Going out on a rope: Lone Peak cirque challenging for even the experts

Posted: Thursday, August 08, 2002

OGDEN, Utah (AP) -- Raichle Farrelly and Travis Corkrum left Farrelly's Toyota pickup before sunrise, eager to leave civilization behind them and begin one of the most rugged hikes in Utah. Loaded down with about 15 pounds of climbing gear, a bit of food and not quite enough water, the pair battled record-breaking temperatures on their way up.

And up. And up. Through lush meadows, then up a granite slab where the trail is marked by stacks of rocks. Wildflowers grow out of the cracks and bloom near the stream, which trickles through the granite once the hot sun melts what's left of stubborn snowfields.

Lone Peak, 11,251 feet and arguably the most rugged peak in Utah, was memorialized in its logbook as ''by far higher than Everest'' by one tired conqueror.

From there, civilization is nothing but two counties of shining buildings. No fountain drinks or hamburgers or gas stations around.

Five hours and 5,000 feet from the truck, Farrelly and Corkrum reached the west cirque, home to many noted climbing routes. By the time they ate lunch, hydrated themselves with melted snow, geared up and hit the 1,000-foot Question Mark Wall, four pairs of climbers were already hard at it.

While Farrelly and Corkrum climbed the 5.8-rated Lowe route, they were flanked on either side of the imposing wall by climbing pairs. One pair hit the aptly named, 5.10b-rated Out of the Question. The other, made up of Salt Lake climbers Jonathan Knight and Shane Sanders, was becoming the first up a two-overhang, 5.12b-rated climb they named Dirty Hairy.

With a never-before-touched crust flaking off the granite, the route certainly was dirty. And the overhang near the top was certainly ''hairy.''

Sitting later with his back to a granite boulder the size of Farrelly's Toyota, Sanders looked up at the route and said it was a little ''nervy'' up there. Even 18-year climbing veteran Steve Cater admitted he was ''spicing out a little'' near the top of Out of the Question.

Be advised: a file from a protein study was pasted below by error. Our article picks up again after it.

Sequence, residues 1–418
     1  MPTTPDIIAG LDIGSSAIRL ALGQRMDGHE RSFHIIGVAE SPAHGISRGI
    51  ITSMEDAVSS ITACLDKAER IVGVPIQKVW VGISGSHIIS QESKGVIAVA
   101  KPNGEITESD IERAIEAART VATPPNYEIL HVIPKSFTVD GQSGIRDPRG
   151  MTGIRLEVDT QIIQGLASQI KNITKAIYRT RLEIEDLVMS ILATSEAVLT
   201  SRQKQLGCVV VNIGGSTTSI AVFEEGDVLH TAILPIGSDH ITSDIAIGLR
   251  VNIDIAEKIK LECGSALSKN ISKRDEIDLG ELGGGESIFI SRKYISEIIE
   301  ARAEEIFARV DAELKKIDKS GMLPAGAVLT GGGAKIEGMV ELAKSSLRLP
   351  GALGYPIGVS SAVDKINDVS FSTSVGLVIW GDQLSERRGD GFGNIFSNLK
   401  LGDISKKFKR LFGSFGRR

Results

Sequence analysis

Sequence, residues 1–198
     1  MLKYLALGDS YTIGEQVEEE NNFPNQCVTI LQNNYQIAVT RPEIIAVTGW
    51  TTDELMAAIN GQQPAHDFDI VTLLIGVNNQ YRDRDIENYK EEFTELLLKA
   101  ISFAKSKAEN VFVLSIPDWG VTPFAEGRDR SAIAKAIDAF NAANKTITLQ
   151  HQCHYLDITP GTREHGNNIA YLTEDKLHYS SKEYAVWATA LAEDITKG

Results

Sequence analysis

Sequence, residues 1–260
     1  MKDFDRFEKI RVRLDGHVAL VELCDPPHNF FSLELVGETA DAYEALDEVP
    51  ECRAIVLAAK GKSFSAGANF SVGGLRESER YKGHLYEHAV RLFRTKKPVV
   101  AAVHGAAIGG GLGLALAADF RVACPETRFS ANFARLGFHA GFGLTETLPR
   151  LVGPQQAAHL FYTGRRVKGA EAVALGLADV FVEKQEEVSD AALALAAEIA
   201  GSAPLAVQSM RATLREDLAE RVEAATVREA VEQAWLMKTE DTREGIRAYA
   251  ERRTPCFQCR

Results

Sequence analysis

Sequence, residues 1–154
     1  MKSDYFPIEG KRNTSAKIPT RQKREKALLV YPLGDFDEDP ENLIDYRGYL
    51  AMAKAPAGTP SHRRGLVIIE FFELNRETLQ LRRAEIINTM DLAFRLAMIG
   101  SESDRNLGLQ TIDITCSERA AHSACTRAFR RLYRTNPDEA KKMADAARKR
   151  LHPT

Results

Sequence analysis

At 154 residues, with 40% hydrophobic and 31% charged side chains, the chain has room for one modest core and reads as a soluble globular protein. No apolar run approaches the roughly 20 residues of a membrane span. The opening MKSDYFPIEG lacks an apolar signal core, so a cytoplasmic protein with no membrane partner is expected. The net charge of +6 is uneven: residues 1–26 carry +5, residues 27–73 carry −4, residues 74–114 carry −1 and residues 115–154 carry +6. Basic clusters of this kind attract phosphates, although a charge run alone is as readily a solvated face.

And Corkrum, a native of Virginia Beach, Va. and 10-month resident of Utah, found the 11,000-foot altitude, coupled with the long climb a trifle tiring.

''By the end, every little move, you know what you need to do, but you just can't quite do it,'' Corkrum said.

Examine the feats and the climbers' fears and aches are easily understandable.

In sport climbing, where the routes are completely bolted and protection is just a matter of snapping a carabineer onto a bolt, 5.8 is a basic route. But with nothing to protect you for four hours on a cliff face but 30 SPF sunscreen, your partner and all-natural climbing gear that must be placed and retrieved on every climb.

No bolts. No top rope. Just a trusted partner, a strong rope and some well-chosen cams.

Crazy.

While some, like Sanders and Knight, brought overnight gear and camped in the cirque's lush alpine meadow, others came only for the day. Cater, for instance, left the Alpine trailhead at 4 a.m. Saturday, climbed Gold Wall, rated 5.9, to near the peak's summit for a warm-up in the morning, then Out of the Question in the afternoon before starting down the trail at 7 p.m.